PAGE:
Americans Can Now Sponsor Ukrainians for Temporary Refuge in the U.S.
Though the program has flaws, it’s an innovative way for private citizens to get directly involved in resettlement efforts for fleeing Ukrainians.
Over 11 million Ukrainians are believed to have left their homes since the Russian invasion of Ukraine began in late February. Now, American citizens will be able to help the displaced through a new program launched by the Department of Homeland Security (DHS).
Last week, the Biden administration announced an initiative that will allow individuals and entities to sponsor Ukrainians who are seeking temporary refuge in the United States. The initiative, called Uniting for Ukraine, comes as part of the administration's plan to welcome up to 100,000 fleeing Ukrainians. Prospective American sponsors must apply on behalf of Ukrainians and may do so here.
"Ukrainians approved via this process will be authorized to travel to the United States and be considered for parole, on a case-by-case basis, for a period of up to two years," according to the DHS. "Once paroled through this process, Ukrainians will be eligible for work authorization." Those coming to the U.S. must first have a sponsor, complete certain health requirements, and pass screening and security checks. American sponsors must pass background checks and prove they are financially capable of supporting the Ukrainians they intend to sponsor.
President Joe Biden previously announced his intention to welcome up to 100,000 displaced Ukrainians, though the particulars of that plan—such as the specific immigration pathways the administration planned to utilize—were unclear. Notably, there seems to be no upper limit on how many Ukrainians may come to the U.S. under Uniting for Ukraine. Per the DHS, "The number of Ukrainians potentially eligible for Uniting for Ukraine will be driven by the breadth of welcome U.S.-based supporters are willing and able to provide."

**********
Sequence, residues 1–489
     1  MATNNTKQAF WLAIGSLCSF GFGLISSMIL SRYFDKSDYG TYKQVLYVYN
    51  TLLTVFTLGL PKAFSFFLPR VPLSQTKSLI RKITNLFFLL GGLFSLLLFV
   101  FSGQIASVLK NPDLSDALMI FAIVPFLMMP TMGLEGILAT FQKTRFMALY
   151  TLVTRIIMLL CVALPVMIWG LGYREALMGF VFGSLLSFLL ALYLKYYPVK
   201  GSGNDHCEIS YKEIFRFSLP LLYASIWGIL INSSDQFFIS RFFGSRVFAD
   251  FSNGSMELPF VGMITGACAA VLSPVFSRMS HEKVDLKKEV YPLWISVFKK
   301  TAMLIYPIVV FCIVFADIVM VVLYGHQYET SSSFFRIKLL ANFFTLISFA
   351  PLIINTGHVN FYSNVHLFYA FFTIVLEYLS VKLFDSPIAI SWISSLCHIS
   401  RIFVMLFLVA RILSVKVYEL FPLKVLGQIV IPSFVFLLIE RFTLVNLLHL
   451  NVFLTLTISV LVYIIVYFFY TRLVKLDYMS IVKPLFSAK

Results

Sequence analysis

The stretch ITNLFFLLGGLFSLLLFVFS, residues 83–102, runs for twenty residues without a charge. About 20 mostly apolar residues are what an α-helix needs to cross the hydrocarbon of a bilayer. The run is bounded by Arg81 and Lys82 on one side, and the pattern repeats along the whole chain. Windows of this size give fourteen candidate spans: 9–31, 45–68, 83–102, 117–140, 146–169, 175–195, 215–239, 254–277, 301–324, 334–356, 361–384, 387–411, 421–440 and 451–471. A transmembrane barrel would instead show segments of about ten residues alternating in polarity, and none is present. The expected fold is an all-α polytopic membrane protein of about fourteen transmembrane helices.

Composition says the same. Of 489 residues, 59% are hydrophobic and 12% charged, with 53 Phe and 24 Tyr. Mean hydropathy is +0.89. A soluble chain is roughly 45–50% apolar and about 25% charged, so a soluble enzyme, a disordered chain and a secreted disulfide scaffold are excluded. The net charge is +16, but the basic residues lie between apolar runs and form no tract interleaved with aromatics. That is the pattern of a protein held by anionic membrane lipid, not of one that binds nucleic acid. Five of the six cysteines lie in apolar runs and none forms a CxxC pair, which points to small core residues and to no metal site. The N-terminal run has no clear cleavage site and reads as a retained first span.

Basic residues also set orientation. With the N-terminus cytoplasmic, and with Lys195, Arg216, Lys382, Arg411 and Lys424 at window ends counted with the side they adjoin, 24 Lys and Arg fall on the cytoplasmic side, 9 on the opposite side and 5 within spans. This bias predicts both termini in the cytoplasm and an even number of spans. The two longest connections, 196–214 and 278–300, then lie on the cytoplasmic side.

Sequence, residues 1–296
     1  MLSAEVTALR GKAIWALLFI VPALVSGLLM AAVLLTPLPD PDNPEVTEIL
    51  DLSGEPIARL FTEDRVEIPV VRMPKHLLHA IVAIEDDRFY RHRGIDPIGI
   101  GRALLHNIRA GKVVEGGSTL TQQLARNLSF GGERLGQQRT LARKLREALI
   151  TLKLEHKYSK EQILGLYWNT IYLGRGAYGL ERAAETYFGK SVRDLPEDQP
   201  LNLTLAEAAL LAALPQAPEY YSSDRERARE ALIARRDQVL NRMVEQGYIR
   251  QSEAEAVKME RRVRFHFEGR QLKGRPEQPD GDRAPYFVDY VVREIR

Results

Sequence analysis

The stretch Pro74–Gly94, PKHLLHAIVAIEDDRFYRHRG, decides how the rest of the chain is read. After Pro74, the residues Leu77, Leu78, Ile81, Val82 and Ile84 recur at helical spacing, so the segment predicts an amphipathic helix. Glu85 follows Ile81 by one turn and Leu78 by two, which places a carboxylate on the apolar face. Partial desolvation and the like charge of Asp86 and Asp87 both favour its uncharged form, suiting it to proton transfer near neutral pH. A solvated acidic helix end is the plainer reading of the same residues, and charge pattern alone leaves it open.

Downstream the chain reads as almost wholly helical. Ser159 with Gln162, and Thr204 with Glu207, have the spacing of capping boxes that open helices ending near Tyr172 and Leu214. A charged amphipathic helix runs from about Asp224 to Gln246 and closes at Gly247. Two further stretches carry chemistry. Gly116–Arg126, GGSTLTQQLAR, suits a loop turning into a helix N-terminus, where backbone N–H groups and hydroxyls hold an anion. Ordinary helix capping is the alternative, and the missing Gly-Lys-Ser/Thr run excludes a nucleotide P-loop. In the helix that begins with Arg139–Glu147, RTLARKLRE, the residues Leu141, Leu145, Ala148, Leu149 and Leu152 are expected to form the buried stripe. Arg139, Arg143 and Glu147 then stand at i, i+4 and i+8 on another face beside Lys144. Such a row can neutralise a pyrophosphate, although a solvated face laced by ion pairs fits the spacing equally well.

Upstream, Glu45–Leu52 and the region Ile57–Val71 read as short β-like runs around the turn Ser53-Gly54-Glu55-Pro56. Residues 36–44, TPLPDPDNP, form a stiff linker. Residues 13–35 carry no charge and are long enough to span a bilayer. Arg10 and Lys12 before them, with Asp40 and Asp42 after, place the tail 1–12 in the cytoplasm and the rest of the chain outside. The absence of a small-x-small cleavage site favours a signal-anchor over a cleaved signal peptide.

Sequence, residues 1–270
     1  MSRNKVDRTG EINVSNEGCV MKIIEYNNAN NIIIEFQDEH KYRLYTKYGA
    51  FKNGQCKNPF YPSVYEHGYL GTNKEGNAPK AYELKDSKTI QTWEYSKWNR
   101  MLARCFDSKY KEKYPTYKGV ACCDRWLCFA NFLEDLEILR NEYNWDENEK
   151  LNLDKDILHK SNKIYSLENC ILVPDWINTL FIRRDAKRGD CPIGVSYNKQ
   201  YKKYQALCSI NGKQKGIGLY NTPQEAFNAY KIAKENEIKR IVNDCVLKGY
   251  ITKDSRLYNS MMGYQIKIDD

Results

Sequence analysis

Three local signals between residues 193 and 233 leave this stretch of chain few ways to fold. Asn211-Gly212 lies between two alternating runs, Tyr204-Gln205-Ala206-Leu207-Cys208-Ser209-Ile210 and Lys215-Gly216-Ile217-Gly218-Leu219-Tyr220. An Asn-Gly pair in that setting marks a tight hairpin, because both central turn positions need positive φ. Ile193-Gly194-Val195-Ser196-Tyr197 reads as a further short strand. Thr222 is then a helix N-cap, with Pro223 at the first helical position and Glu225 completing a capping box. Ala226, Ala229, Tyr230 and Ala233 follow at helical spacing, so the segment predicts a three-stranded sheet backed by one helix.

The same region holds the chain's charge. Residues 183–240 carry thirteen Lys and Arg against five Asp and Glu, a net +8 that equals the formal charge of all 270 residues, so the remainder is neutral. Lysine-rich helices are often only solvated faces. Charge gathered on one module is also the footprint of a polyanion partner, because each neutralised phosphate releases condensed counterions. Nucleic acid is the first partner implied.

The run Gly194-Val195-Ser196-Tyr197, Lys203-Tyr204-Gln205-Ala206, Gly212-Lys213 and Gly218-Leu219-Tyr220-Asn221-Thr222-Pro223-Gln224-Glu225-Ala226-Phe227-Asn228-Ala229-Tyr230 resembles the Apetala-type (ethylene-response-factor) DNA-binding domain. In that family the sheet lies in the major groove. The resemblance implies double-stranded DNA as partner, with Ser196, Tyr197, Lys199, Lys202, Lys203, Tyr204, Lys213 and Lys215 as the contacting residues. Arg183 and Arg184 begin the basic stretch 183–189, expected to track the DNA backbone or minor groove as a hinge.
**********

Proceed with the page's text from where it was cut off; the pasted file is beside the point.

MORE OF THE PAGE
As outlined, this initiative provides temporary relief for fleeing Ukrainians rather than a pathway to permanent residency. Approved Ukrainians will receive parole, granting them a two-year stay in the country. In the technical sense, they will not be refugees, who receive certain resettlement benefits and may apply for green cards after one year in the United States.
Some immigration advocates have argued that the new program for Ukrainians is an imperfect solution to America's struggling refugee infrastructure. The Biden administration settled just 11,411 refugees in the U.S. in fiscal year 2021, falling short of its annual cap of 62,500. The pandemic only worsened processing capacities and wait times for applicants. The U.S. refugee program, which is meant to assist the world's most at-risk populations, was ill-prepared to help Ukrainians in their time of need. Government officials seem to be operating under the assumption that Ukrainians are primarily looking for a temporary haven, not a place to resettle in the long term. But this won't be true for everyone who's fleeing, and there's no telling when it will be safe for displaced residents to return to Ukraine.
"This initiative has its flaws," says Matthew La Corte, government affairs manager for immigration policy at the Niskanen Center, "but also comes with the tremendous potential to resettle tens of thousands of refugees from Ukraine in a fast-tracked process driven by community groups across the country."
Uniting for Ukraine will capitalize on the benevolence of private citizens who have been stirred by images of war in Europe and feel compelled to help displaced Ukrainians. "With this new parole program, the American people have the first direct opportunity in the 21st century to show off their welcoming prowess," La Corte wrote last week. "We may very well look back at Uniting for Ukraine as the moment when we planted the seeds for the future of the resettlement program."
Uniting for Ukraine ensures that Ukrainians will arrive in the U.S. already having community connections, ready to benefit from the local knowledge their sponsors hold. "It's a transformational program without caps for sponsors or beneficiaries," says La Corte. "That's the type of creative policy making needed in the face of a historic refugee crisis."